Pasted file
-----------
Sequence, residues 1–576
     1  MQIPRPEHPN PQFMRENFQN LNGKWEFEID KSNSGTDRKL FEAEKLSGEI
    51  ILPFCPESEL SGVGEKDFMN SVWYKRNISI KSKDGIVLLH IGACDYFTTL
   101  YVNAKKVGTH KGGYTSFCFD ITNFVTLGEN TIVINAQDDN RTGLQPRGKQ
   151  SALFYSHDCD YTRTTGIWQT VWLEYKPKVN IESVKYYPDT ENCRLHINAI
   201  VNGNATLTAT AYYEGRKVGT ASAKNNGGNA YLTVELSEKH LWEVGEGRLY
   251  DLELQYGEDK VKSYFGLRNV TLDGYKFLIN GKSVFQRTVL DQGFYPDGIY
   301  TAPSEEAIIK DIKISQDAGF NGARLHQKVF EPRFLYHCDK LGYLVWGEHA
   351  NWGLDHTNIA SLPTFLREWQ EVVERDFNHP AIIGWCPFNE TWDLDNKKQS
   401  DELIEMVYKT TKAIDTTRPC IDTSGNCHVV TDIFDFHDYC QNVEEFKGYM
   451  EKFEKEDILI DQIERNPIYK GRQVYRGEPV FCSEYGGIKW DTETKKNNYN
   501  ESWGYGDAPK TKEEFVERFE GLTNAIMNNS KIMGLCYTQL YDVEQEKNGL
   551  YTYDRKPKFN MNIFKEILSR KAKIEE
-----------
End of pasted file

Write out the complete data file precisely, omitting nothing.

Sequence, residues 1–576
     1  MQIPRPEHPN PQFMRENFQN LNGKWEFEID KSNSGTDRKL FEAEKLSGEI
    51  ILPFCPESEL SGVGEKDFMN SVWYKRNISI KSKDGIVLLH IGACDYFTTL
   101  YVNAKKVGTH KGGYTSFCFD ITNFVTLGEN TIVINAQDDN RTGLQPRGKQ
   151  SALFYSHDCD YTRTTGIWQT VWLEYKPKVN IESVKYYPDT ENCRLHINAI
   201  VNGNATLTAT AYYEGRKVGT ASAKNNGGNA YLTVELSEKH LWEVGEGRLY
   251  DLELQYGEDK VKSYFGLRNV TLDGYKFLIN GKSVFQRTVL DQGFYPDGIY
   301  TAPSEEAIIK DIKISQDAGF NGARLHQKVF EPRFLYHCDK LGYLVWGEHA
   351  NWGLDHTNIA SLPTFLREWQ EVVERDFNHP AIIGWCPFNE TWDLDNKKQS
   401  DELIEMVYKT TKAIDTTRPC IDTSGNCHVV TDIFDFHDYC QNVEEFKGYM
   451  EKFEKEDILI DQIERNPIYK GRQVYRGEPV FCSEYGGIKW DTETKKNNYN
   501  ESWGYGDAPK TKEEFVERFE GLTNAIMNNS KIMGLCYTQL YDVEQEKNGL
   551  YTYDRKPKFN MNIFKEILSR KAKIEE